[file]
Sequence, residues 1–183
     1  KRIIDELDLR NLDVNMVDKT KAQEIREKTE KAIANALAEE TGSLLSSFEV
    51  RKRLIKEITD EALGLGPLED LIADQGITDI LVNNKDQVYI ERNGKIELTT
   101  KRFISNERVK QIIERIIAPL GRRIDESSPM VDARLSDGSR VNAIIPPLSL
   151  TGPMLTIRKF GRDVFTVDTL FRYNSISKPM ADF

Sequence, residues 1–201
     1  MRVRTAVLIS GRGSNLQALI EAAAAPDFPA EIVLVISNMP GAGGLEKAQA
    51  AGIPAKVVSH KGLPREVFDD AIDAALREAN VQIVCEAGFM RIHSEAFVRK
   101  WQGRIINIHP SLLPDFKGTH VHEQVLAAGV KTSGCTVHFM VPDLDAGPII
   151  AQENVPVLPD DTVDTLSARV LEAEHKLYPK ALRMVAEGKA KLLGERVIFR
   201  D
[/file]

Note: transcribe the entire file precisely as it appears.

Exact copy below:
Sequence, residues 1–183
     1  KRIIDELDLR NLDVNMVDKT KAQEIREKTE KAIANALAEE TGSLLSSFEV
    51  RKRLIKEITD EALGLGPLED LIADQGITDI LVNNKDQVYI ERNGKIELTT
   101  KRFISNERVK QIIERIIAPL GRRIDESSPM VDARLSDGSR VNAIIPPLSL
   151  TGPMLTIRKF GRDVFTVDTL FRYNSISKPM ADF

Sequence, residues 1–201
     1  MRVRTAVLIS GRGSNLQALI EAAAAPDFPA EIVLVISNMP GAGGLEKAQA
    51  AGIPAKVVSH KGLPREVFDD AIDAALREAN VQIVCEAGFM RIHSEAFVRK
   101  WQGRIINIHP SLLPDFKGTH VHEQVLAAGV KTSGCTVHFM VPDLDAGPII
   151  AQENVPVLPD DTVDTLSARV LEAEHKLYPK ALRMVAEGKA KLLGERVIFR
   201  D